Advising at Hollins

At Hollins, we are committed to a robust system of advising that complements our dedication to women’s education and the liberal arts. The advising process seeks to empower students to navigate our curriculum, the diverse Hollins community, and local and global opportunities so that they are prepared “for lives of active learning, fulfilling work, personal growth, achievement, and service to society.”

The advising process emphasizes student decision making and helps all students:

  • Reflect on their academic and life goals
  • Explore their interests and passions
  • Find the internal and external resources to support their education and overall well-being
  • Put their talents and skills into practice

Advising is intended to help make the resources of this academic community available to every student and to help students navigate Hollins with curiosity, creativity, and effectiveness. Advising also acknowledges that a student’s path will change and develop over time, and aims to provide students with the skills to successfully adjust course to reach their changing goals.

Advisors engage in conversations with students that move beyond the fulfillment of graduation requirements and assist students in fashioning a path which weaves together the academic and non-academic aspects of the college experience. They help students identify the opportunities that allow them to make the most of their liberal arts education through a broad and cohesive set of experiences.

With the support of a network of faculty, staff, and peers, students develop educational plans that foster intellectual depth and breadth, the capacity to engage with diverse communities, an interdisciplinary outlook, and preparation for fulfilling careers.

First-Year Advising

First-years meet with their advisor before registration. Please be sure to put together a list of courses that interest you.

Your advisor will be either your first-year seminar professor or another professor associated with your seminar. These advisors help you with course selection and any academic planning questions at least through your first year. By the end of your sophomore year, you will declare a major and select a new advisor in that major. Our faculty are friendly and approachable, so don’t hesitate to reach out with any of your academics questions. You review the schedule of classes on the registrar’s page.

Required Forms

Frequently Asked Questions

How many classes should I take during my first term?

We encourage full-time students to enroll in four four-credit classes for their first term, plus a sport or physical activity course. If a student earns 16 credits each term for four years, she’ll have the 128 regular term credits she needs to graduate with a B.A. degree. Each student must also complete four Short Terms.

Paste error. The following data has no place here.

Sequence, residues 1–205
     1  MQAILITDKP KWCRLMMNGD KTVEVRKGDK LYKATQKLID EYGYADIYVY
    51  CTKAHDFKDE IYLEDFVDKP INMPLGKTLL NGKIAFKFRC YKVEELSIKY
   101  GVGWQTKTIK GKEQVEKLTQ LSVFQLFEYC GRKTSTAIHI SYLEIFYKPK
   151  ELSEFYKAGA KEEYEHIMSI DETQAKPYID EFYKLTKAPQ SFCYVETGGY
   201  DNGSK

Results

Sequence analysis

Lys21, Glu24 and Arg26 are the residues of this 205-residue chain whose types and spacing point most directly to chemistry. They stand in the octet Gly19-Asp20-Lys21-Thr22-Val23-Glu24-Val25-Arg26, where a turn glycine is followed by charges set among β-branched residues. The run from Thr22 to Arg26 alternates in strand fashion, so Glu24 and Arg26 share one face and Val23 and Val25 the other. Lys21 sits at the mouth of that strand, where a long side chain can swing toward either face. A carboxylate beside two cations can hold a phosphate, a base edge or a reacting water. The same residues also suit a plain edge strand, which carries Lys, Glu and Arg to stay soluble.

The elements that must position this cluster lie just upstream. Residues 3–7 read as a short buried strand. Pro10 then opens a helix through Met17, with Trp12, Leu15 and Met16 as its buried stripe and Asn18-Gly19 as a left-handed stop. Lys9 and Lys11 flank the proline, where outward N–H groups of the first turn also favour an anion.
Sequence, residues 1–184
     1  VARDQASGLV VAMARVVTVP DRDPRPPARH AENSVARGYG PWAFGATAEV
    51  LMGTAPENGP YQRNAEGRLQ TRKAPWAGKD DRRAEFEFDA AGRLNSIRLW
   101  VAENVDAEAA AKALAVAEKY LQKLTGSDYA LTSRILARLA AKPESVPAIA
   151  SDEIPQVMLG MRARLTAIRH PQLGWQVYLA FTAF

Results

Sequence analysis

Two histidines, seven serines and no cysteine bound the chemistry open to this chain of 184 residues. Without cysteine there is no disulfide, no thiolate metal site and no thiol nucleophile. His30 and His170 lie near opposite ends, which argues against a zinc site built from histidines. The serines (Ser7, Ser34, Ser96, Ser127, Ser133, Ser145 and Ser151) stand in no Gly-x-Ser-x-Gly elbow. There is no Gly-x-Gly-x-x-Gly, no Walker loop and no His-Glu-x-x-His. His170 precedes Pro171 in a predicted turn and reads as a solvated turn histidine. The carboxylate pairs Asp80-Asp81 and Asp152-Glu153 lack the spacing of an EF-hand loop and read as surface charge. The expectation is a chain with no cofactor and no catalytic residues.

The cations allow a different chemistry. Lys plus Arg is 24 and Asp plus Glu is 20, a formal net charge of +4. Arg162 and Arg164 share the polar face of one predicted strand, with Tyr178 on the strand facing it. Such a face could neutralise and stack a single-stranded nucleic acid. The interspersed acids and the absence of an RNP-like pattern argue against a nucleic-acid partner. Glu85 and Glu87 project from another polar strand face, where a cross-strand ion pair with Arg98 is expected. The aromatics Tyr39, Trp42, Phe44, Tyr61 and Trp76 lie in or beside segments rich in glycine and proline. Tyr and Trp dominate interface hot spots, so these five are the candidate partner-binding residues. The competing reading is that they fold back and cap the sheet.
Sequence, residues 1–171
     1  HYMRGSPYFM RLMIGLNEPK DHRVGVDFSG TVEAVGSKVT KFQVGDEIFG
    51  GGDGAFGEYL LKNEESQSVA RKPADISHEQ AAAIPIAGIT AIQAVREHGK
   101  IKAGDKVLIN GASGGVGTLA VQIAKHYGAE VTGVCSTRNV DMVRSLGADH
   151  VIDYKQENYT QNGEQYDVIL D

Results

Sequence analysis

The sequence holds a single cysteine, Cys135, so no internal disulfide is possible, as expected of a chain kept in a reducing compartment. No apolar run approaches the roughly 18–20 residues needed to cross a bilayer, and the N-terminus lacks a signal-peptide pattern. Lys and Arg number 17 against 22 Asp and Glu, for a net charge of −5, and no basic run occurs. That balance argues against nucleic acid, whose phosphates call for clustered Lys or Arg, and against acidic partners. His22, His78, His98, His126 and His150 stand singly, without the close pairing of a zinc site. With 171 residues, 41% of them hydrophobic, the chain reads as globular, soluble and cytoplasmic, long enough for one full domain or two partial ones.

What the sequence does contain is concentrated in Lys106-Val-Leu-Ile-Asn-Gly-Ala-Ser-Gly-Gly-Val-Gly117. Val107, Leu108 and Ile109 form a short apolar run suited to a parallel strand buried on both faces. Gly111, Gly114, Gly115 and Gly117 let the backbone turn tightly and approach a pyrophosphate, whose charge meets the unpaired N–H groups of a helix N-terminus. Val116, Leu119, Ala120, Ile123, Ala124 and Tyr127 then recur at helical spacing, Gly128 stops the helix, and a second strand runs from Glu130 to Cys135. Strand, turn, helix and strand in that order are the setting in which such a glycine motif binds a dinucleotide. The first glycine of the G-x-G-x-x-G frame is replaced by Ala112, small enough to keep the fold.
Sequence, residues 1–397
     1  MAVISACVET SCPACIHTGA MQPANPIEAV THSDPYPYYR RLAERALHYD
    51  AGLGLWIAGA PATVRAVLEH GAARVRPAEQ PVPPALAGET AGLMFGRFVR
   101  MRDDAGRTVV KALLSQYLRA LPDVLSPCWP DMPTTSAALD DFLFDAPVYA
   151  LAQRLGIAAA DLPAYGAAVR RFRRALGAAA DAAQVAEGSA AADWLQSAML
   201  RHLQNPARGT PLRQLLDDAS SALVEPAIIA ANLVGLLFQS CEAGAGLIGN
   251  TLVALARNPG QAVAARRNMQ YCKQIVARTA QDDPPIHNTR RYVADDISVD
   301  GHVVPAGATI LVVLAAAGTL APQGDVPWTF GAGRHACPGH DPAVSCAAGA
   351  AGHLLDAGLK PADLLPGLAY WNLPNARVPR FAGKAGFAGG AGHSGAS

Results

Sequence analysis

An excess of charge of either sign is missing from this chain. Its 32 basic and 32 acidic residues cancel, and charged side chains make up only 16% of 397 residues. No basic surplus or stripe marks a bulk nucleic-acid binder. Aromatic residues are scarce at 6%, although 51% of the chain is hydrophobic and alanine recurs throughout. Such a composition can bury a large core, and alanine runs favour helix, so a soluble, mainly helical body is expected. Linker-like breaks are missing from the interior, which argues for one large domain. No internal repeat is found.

How will my transfer credits count?

The registrar reviews transcripts from other institutions and assigns credit where appropriate. The registrar also determines whether transfer work will meet any general education requirements. The registrar documents this on your Transfer Credit Evaluation (TCE), which you and your advisor receive before orientation.

How will my Advanced Placement credits count?

Students who receive a 4 or 5 on an AP test will receive four general credits toward graduation. A 4 or 5 on an AP language test will exempt a student from the language requirement at Hollins. AP scores may also help to place a student in higher-level classes in certain disciplines.

How are dual enrollment credits counted?

High school students who are also taking accredited college or university courses receive Hollins credit if:

Hollins offers comparable courses.

The courses are recorded on an official college transcript.
The student earns at least a C in the courses.
Please be sure to send transcripts to Hollins before you arrive. This is so the registrar can evaluate course credits before you register for fall term classes.

What is Short Term?

January Term offers students a unique experience not normally possible during the semester.

First-time, first-year students remain on campus to enroll in one of our exciting classes. They can also apply to one of the travel/study programs during January Term (destinations vary from year to year).

Besides these options, sophomores, juniors, seniors, and Horizon students can use January Term for an internship or independent study.